A modern Turkey would rise from the ashes

Ataturk, 1916

Ataturk, 1916

As a young officer in the Turkish military, Atatürk oversaw Austria’s annexation of Bosnia, and Bulgaria secession from Turkish influence.  The Balkan wars of 1912 and 1913 result in the Ottomans loss of Albania and Macedonia, and Libya had been lost to the Italians.  By 1914, the European portion of the Ottoman Empire, which had once stretched far into Hungary, was almost wholly gone – all that remained was an enclave in Thrace.  Throughout the Great War, Atatürk remained the only undefeated Ottoman general.  His reputation was made at Gallipoli, the same battle where many allied reputations were destroyed.  In his eyes Turkey was defeated not by greater armies, but by greater civilization.  Henceforth, he would ensure Turkey would adopt European-style culture and politics.  Indeed, Turkey remains a secular state to this day.

Atatürk sent Inonu Ismet, a trusted general, to the Paris Peace Conference to negotiate.  He was instructed to achieve an independent Turkey, and as a good soldier he intended to achieve just this by any means.  Turkey’s new borders included almost all the Turkish speaking territories of their former Ottoman Empire, but the fact was the empire had ended and a new very different state had been birthed.  It was truly the end of an age.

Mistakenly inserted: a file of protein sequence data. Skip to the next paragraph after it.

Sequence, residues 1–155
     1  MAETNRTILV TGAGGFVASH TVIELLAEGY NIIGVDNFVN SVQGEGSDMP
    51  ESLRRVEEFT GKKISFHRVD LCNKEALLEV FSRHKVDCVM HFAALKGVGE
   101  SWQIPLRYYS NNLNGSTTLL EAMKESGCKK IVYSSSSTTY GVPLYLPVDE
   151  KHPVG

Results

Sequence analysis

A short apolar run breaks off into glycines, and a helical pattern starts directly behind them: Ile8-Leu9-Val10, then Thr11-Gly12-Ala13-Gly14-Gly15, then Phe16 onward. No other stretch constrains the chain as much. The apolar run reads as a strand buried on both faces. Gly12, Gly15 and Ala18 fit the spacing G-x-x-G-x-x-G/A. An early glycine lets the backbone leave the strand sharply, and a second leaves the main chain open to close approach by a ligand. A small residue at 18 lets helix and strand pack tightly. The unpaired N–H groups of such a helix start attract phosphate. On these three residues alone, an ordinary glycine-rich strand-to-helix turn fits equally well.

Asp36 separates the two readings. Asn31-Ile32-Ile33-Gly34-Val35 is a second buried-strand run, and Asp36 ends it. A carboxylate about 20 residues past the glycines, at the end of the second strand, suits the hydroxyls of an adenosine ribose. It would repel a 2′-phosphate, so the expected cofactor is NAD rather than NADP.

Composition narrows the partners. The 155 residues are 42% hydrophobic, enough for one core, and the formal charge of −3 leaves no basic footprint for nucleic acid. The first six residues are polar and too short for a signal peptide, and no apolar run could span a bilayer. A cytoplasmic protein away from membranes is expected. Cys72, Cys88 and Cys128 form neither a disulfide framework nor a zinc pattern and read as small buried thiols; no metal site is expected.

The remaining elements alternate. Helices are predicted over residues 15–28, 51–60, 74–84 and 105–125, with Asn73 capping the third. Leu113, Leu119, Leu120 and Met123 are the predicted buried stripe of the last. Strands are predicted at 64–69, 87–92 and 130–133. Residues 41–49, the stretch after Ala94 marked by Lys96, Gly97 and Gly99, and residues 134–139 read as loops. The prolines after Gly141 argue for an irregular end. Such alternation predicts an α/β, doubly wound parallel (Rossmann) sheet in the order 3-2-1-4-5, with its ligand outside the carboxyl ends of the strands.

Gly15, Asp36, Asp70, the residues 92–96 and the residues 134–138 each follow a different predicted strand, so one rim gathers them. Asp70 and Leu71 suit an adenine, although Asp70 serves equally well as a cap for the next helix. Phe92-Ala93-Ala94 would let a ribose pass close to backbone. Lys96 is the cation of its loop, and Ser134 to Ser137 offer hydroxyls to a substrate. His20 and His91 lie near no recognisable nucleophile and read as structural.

900px-Ottoman_empire.svg

Works Cited

Anderson, Scott. Lawrence in Arabia. New York: Random House, 2013.

Kaplan, Robert D. The Revenge of Geography. New York: Random House, 2012.

MacMillan, Margaret. Paris 1919. New York: Random House, 2002.

About these ads

3 comments

  1. sykik

    I am returning to your blog after a while, and catching up on your posts. I find this one really interesting. I find that most people understudy the unravelling of the Great War in the Eurasian theatre. It is a mistake. Perhaps in no other region are the effects of the Great War felt as much as in this region, right upto the present.

    I have been reading a very interesting book by Peter Hopkirk – all his books are great, actually. This one is ‘On Secret Servive East of. Constantinople’ – it captures very well the politics if the time leading to, and then during, the War. I would highly recommend it.

    Hopkirk offers an interesting perspective about British involvement in the crumbling Ottomon Empire, Persia, etc. He interprets the main aims of British policy to be the defence of India.

    Anyway, I do hope to follow your blog regularly now. Thank you.

Leave a Reply

Fill in your details below or click an icon to log in:

WordPress.com Logo

You are commenting using your WordPress.com account. Log Out / Change )

Twitter picture

You are commenting using your Twitter account. Log Out / Change )

Facebook photo

You are commenting using your Facebook account. Log Out / Change )

Google+ photo

You are commenting using your Google+ account. Log Out / Change )

Connecting to %s